Hand-crank generator... How to get more amps?


Flashlight Enthusiast
Feb 6, 2001
Perth, Western Australia
The other post about the handcrank flashlight reminded me that I had a question about the generator. I started a new thread so as not to hijack the other one.

Basically, the question is this:
Supercapacitors need to have their input voltage controlled so as not to detroy them. But they can accept very high currents, which allow them to be charged very quickly. Given a standard hand-cranked generator, how can it be modified to produced increased amounts of current?

Increase number of windings? Increase crank speed?

I sort of recall a physics class that demonstrated the voltage is related to the speed at which the windings move through the magnetic field, while the current is related to the strength of the magnetic field or the number of windings going through the field.

Am I right? I couldn't find my high school physics text to check it out.

I just wanted a generator that will charge up my supercaps quickly (minimum number of cranks). If I can get a generator to produce 5V 500mA, I could probably fully charge a supercap in 10seconds.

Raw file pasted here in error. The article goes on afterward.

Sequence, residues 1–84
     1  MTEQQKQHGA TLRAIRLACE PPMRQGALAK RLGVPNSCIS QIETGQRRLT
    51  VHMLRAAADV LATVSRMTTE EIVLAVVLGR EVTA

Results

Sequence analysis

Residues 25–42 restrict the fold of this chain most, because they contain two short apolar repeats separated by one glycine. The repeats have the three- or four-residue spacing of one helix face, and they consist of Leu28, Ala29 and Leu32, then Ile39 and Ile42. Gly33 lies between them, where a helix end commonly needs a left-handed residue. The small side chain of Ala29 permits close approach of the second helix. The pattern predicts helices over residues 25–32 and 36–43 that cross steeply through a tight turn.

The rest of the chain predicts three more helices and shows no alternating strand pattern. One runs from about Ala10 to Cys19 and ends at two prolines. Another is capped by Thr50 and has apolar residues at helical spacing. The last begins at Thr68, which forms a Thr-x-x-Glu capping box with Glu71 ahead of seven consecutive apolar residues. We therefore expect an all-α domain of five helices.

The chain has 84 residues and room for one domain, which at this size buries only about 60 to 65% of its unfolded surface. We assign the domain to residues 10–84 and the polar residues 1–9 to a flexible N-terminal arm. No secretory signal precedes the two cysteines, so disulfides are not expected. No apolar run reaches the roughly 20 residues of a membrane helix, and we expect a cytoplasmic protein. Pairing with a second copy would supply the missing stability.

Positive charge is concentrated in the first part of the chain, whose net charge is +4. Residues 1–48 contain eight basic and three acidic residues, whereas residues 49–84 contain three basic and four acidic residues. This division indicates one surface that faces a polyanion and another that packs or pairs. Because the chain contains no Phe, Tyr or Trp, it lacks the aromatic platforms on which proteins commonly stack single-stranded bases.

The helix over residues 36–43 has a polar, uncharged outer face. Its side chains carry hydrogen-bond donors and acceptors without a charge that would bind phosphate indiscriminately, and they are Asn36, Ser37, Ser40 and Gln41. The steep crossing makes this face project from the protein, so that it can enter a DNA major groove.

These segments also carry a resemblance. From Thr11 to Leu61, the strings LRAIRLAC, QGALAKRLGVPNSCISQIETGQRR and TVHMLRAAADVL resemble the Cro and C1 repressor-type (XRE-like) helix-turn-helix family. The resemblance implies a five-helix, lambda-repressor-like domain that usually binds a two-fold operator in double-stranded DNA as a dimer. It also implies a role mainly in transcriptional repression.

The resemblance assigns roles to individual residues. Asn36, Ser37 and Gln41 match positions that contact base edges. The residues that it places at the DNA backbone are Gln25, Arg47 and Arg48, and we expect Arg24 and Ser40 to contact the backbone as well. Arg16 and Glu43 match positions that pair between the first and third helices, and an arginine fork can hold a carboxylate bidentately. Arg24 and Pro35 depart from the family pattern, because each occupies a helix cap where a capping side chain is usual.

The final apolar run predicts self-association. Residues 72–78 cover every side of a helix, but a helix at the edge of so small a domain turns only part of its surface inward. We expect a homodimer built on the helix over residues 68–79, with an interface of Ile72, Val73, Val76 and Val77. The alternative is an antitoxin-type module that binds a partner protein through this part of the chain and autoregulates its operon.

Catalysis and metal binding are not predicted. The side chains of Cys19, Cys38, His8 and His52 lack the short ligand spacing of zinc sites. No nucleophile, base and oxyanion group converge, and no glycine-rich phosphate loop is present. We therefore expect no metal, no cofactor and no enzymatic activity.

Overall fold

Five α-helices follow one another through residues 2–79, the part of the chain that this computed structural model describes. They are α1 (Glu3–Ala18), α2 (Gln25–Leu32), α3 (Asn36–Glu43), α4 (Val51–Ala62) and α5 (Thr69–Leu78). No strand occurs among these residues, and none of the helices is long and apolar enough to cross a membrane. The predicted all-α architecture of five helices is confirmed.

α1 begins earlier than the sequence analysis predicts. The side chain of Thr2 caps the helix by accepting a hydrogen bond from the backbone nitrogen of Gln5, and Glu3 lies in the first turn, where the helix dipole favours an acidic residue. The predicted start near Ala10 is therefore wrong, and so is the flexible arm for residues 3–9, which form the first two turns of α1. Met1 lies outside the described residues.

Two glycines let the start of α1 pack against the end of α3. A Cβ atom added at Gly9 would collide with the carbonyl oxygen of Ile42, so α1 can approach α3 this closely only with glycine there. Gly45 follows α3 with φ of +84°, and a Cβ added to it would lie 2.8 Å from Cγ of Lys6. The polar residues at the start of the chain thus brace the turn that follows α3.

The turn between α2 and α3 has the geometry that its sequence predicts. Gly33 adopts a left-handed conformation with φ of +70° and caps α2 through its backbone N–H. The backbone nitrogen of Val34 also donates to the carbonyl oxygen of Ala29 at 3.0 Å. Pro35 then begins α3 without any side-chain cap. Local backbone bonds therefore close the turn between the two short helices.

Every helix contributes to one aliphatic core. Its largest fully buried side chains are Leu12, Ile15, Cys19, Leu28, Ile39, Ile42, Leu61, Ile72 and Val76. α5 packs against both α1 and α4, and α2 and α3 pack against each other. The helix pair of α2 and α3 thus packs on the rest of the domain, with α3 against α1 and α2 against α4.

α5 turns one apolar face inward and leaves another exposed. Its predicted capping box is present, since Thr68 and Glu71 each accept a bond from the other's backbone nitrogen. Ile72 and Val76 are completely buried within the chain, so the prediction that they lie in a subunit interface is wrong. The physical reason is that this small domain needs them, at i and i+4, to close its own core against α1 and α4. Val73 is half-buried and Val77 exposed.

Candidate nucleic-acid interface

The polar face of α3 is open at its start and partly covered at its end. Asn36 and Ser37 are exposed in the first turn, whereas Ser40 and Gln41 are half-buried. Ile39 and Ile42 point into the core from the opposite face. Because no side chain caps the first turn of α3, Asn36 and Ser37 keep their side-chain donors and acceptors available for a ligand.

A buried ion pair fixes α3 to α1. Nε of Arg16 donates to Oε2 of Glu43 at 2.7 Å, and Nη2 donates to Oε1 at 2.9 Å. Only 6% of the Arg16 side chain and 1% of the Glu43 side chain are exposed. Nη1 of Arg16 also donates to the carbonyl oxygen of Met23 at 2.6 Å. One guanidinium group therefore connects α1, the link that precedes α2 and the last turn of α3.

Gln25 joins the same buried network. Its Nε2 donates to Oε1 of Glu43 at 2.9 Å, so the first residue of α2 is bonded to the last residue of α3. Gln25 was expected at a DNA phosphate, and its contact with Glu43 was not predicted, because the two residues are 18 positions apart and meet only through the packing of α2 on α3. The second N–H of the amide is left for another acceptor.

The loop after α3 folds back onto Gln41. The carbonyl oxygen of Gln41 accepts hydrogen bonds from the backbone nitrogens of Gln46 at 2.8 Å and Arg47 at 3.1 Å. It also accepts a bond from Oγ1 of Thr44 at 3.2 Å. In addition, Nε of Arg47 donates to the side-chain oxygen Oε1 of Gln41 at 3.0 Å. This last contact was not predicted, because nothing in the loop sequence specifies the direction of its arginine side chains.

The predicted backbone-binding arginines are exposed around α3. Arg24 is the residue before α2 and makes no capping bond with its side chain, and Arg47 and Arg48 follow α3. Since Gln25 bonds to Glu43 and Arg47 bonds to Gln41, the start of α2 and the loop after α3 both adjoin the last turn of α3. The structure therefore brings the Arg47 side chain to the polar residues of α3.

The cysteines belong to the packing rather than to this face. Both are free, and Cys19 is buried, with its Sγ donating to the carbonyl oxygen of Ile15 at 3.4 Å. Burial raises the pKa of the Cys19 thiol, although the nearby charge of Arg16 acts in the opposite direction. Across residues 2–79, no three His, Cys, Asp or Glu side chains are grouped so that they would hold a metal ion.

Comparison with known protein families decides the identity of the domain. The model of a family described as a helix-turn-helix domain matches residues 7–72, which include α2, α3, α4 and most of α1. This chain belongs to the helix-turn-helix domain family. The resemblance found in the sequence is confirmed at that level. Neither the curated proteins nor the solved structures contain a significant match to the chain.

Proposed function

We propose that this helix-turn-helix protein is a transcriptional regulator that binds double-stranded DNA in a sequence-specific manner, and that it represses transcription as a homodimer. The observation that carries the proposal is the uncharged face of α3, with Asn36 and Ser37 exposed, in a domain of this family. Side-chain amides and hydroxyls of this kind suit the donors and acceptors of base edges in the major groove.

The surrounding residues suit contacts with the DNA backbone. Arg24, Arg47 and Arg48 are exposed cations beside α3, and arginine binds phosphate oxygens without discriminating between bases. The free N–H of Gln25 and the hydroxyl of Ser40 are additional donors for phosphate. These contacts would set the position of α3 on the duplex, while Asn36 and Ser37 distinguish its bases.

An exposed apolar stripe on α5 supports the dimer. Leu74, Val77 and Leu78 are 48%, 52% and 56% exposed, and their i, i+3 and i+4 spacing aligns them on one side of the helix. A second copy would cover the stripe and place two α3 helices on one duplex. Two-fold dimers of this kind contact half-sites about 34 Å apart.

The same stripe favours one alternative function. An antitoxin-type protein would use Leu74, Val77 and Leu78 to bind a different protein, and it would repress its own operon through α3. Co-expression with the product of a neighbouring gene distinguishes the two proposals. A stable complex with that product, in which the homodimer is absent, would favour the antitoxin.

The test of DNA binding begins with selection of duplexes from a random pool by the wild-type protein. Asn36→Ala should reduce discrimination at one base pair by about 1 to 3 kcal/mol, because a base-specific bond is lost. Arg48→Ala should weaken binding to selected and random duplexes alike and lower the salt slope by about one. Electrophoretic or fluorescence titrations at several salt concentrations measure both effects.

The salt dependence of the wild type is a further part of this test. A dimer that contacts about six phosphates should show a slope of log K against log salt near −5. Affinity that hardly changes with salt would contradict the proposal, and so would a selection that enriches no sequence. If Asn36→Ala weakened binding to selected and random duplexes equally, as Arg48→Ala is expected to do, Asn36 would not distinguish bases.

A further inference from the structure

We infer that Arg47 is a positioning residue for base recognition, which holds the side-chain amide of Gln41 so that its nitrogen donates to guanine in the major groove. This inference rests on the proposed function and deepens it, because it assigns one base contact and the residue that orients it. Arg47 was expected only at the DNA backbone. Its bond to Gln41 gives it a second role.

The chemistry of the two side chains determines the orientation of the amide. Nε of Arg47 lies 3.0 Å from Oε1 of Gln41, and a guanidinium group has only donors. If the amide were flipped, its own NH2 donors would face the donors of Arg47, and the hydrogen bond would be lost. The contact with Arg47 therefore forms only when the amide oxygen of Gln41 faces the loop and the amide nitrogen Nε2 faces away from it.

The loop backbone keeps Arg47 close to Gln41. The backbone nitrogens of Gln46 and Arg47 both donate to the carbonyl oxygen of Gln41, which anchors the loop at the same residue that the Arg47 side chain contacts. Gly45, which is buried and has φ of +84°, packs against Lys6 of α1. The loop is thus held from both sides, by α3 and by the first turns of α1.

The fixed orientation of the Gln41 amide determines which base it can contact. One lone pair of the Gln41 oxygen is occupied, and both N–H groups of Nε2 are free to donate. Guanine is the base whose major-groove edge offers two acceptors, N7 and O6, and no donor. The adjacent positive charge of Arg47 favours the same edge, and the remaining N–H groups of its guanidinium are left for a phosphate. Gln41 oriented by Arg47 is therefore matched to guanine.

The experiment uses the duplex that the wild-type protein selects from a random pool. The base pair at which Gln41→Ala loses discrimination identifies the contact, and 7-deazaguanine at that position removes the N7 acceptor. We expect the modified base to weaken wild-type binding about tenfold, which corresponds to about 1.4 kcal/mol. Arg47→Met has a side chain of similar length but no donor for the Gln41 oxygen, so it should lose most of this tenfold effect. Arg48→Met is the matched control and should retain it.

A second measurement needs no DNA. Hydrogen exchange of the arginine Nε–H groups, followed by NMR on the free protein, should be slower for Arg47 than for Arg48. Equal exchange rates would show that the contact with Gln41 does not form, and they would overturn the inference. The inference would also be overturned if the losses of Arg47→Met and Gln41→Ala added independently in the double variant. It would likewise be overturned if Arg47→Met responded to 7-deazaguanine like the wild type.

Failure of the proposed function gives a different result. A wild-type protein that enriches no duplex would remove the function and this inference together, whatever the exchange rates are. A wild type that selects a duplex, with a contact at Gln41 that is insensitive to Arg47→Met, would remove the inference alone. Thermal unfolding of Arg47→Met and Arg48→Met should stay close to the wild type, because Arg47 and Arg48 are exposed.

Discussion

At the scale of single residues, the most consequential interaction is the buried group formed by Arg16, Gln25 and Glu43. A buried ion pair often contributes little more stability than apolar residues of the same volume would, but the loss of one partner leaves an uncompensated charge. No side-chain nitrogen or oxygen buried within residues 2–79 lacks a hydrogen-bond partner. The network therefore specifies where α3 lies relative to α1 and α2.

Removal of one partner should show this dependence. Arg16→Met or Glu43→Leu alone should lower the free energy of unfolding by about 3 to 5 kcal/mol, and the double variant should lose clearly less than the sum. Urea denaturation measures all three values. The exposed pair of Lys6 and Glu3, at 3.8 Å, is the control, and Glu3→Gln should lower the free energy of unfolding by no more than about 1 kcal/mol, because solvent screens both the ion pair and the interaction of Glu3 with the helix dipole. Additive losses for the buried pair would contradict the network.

Doug Owen

Flashlight Enthusiast
Jan 30, 2003
A five Volt, half Amp generator? Easy. I'd start with D.C. motors in a about twice that current, same sort of voltage.

But I'm nor sure we're talking lots of useful power here, are we? We can 'draw down' the one Farad cap you describe (charged to 5 Volts by half an Amp in 10 seconds?) even faster with a Luxeon.. Four seconds from fully charged to Vf, right? We'll need to get real fancy to get any more of our charge back out. Chemical systems address this issue. You could, of course, use a smaller LED, but even then we're still talking under a minute. Most folks don't want to crank that often I'm bettin'.

Anyway, try a motor to start. Any DC motor is also a generator at the same time. Try to drive the shaft faster and it draws less and less current, eventually going the other way and producing current (more and more as you drive harder and harder)). That is my electric car charged it's batteries going down a hill without any changes at all. Say 200 amps on the flats at 35, 400 going up at 25, over the top to a couple hundred *charging* at 45. Same gear, same configuration, same field drive.

Field drive brings up a good point, you might want to look a bit and find a 'shunt' motor, one where the field windings come out separately and are hooked across the source as is the brush assembly and therefore the moving coils. Shunt being another name for parallel. In such motors you can change the field independent of speed, thus 'loading' the generator to whatever speed you want (within reason). More field (at the same speed), and it 'wants to run faster still (and can't), more energy coupled into the load (output).. Without this feature, speed is a big issue.

Oh, yeah, don't forget the diode, or it will be a motor (like when the cutout on old timey auto generators would fail 'to short'...).


Doug Owen